How to drift - The best drifting guide for beginners - Performance DIY by DIY Guru

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How to drift - The best drifting guide for beginners

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The 180 and 90 degree turns show the importance of steering control. The most important lesson is that your wheels always have to point your front wheels in the direction you want to go.

Note: Although Tsuchiya mentions the need for a Limited-Slip Differential for the following steps, it is not required. The LSD unit facilitates the drifting a lot at an early stage and at higher levels of drifting, however I feel that it is essential to learn the very basics in stock conditions so you can get a better understanding of the car behavior.

The 360 degree turn is basically doing donuts. The main idea that I’d like to point out is that if you focus on his steering work, the wheels are always pointing straight or outwards (counter-steering). Many times you see others performing donuts by just turning in and pressing the gas. That’s not drifting. Watch closely to learn.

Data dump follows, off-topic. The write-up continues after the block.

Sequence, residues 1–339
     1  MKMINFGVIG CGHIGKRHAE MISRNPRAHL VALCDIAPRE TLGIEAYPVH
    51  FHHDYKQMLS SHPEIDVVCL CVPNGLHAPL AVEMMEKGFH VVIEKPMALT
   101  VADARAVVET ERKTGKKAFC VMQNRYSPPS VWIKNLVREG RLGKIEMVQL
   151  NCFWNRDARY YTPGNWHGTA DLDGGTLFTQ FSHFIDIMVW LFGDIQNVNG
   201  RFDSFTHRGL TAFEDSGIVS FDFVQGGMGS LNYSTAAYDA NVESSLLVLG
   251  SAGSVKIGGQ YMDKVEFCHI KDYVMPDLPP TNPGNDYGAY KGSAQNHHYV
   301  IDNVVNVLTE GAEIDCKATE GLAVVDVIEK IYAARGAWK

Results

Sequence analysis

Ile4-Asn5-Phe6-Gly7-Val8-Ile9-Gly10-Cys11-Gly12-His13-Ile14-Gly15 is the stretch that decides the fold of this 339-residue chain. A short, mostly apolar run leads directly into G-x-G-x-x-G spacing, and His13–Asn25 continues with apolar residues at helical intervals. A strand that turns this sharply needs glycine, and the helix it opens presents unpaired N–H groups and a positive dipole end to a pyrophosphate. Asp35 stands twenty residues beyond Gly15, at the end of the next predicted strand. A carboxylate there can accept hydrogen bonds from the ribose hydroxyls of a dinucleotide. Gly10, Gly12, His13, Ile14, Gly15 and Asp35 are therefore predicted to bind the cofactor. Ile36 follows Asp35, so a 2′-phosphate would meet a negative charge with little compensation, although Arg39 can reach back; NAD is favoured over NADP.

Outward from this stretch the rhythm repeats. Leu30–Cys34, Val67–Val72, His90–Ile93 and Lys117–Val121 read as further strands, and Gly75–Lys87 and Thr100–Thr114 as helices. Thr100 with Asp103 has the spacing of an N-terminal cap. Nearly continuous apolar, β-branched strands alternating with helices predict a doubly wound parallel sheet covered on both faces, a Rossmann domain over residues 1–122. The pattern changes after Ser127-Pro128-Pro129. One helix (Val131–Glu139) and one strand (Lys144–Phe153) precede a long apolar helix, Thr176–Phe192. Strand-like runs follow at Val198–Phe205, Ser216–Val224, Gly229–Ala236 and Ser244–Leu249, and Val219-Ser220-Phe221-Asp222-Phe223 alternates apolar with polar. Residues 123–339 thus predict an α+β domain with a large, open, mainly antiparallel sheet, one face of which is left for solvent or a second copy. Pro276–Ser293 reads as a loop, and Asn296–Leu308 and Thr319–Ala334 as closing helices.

Pro's also practice drifting with the use of the emergency brake. Using the e-brake is a great tool to break the rear end loose, but it is not an on-off switch: there is a certain amount to hold the e-brake up. By using your steering practice from the previous instructions (keeping the wheels always pointing the direction you want to go), you can determine how much e-brake is needed to slide the rear end loose to complete the turn.
For those who are scared with the tire costs, have no fear: the tires you use in the rear can be bought at the local junkyards. They are much cheaper and will grip less (which will give you more sliding action). As you get better, you will want to start using better grip tires. When you are sliding, your car is always heading in the direction your front tires will be pointing to, so it’s important to make sure you have good grip tires in the front at all times to make sure the car follows the line you are driving.

Note: Maintenance is much more important than upgrades. If you are drifting a car that is more than 10 years old, the rubber suspension components such as bushings start to break apart, making the car handle a lot worse. Many times you think by buying suspension upgrades you will fix that, but if you buy shocks and springs, you are still not replacing the bushings. Maintenance is key to have a good, fun, drift car.

Most importantly, whenever possible, practice at a drift track. It is legal and a much safer environment keeping you safe and sparing your car from any serious damage.

Above all, practice and have fun. That’s what drifting is all about!!

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